A new study by the UK’s Transport Research Laboratory (TRL), which considered the scenario of traditional cars and AVs coexisting, has revealed that 22% of collisions could be avoided if one of the vehicles was replaced by a Level 4 AV.
The study also revealed that in a coexisting environment there will also be a reduction in collisions at junctions (10%), collisions involving vulnerable road users (10%) and single vehicle run off road collisions (12%). The report states that by 2040, up to 650 fatal and serious injury collisions could be prevented annually due to the introduction of AVs. This is based on between 8% and 19% of the total car fleet being autonomous.
The study developed and applied a methodology that can be used to investigate the potential effect of the introduction of AVs on the future collision scene. This methodology was applied to a limited scope of collisions, such as one- and two-vehicle collisions involving at least one car that resulted in a fatal or serious injury.
Richard Cuerden, director of the TRL Academy, commented, “Our analysis suggests the introduction of AVs to our roads is likely to bring the biggest change in road safety since the introduction of the seatbelt. However, more data is needed to build a more in-depth and robust view of future collisions and opportunities for improving occupant protection.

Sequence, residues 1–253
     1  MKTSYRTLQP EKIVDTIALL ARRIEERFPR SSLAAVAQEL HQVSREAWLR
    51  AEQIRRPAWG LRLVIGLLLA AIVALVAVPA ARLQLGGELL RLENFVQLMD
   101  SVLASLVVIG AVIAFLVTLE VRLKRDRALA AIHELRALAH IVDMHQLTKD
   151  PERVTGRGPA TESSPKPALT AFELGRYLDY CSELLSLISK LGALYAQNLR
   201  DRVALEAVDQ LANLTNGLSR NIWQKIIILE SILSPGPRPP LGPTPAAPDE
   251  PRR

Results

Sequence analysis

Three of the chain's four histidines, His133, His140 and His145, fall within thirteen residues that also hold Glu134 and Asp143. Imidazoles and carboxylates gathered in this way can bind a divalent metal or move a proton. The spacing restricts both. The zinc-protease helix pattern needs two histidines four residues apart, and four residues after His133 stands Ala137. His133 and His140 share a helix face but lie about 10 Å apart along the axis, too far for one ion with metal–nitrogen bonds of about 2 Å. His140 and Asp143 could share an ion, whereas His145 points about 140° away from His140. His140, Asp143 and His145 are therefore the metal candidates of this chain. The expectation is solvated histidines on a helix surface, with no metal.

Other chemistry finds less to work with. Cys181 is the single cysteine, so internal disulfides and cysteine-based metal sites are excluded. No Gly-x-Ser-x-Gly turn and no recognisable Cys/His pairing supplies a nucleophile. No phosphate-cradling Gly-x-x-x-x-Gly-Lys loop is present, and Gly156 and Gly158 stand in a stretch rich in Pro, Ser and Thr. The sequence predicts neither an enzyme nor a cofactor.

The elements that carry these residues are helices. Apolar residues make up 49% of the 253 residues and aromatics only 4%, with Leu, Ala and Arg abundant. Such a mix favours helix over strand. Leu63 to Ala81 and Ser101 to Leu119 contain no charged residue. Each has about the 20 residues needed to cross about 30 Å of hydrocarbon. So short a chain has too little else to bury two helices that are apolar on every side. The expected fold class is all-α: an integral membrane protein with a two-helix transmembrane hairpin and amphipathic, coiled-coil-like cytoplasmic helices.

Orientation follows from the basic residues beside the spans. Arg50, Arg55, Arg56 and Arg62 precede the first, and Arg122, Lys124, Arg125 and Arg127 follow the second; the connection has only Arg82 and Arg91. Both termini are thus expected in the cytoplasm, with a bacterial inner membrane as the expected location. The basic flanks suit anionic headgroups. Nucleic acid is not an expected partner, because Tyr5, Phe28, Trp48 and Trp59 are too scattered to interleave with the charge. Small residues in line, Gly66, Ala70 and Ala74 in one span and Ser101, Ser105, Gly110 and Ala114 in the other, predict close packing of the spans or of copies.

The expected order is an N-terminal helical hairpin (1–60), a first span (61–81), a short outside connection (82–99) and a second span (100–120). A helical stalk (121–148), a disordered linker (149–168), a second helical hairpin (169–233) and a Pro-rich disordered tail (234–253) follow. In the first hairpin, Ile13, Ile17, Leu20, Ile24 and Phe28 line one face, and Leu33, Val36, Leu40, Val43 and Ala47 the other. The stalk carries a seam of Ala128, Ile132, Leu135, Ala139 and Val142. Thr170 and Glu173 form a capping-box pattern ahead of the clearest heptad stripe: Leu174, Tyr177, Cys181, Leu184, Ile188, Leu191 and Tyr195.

“While individual companies are collecting data relating to the performance of their technology in collisions and near misses, what we need is for OEMs and technology providers to come together to help develop an aggregate data set to provide a better picture of uptake of AVs within the vehicle fleet and collision rates of automated vehicles.”
“It is also essential to ensure the right high-tech expertise is in place to investigate collisions that involve automated vehicle technologies so that lessons can be learnt as quickly as possible to determine how improvements can be made in the future.”
To read the full report, click here.